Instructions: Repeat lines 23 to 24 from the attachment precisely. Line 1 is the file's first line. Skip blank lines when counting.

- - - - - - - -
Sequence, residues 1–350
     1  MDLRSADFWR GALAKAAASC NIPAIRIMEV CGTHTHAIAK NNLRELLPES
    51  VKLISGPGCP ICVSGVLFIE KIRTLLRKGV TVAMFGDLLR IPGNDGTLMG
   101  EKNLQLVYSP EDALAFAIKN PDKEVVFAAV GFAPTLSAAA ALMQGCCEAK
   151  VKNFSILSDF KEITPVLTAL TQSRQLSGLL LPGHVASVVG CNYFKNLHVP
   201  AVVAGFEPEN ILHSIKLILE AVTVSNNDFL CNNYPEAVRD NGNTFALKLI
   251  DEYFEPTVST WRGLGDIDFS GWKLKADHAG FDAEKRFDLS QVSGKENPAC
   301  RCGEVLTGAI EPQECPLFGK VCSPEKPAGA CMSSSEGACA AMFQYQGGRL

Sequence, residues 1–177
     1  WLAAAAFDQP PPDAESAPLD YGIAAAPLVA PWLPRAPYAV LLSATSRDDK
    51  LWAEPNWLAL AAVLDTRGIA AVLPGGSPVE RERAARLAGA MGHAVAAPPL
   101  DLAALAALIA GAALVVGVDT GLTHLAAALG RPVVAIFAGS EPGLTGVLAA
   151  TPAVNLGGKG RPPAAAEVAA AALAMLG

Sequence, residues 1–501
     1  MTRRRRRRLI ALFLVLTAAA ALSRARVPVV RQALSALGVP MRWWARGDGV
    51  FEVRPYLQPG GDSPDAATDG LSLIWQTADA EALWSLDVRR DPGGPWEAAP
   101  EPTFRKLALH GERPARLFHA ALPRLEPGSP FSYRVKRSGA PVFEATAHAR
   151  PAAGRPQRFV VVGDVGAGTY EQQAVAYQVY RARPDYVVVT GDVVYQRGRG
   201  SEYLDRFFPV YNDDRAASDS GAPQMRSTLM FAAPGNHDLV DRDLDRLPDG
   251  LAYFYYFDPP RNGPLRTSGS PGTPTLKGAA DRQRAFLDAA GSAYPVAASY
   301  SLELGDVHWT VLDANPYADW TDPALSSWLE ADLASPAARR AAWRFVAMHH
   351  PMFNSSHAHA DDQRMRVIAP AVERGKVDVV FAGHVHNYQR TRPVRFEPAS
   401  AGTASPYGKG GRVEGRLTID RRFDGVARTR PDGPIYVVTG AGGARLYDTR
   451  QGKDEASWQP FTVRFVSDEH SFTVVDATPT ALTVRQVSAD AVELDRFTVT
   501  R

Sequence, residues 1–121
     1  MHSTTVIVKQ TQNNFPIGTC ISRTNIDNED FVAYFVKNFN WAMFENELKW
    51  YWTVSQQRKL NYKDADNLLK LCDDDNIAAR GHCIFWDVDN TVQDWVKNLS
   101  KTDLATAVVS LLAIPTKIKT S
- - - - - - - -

   401  AGTASPYGKG GRVEGRLTID RRFDGVARTR PDGPIYVVTG AGGARLYDTR
   451  QGKDEASWQP FTVRFVSDEH SFTVVDATPT ALTVRQVSAD AVELDRFTVT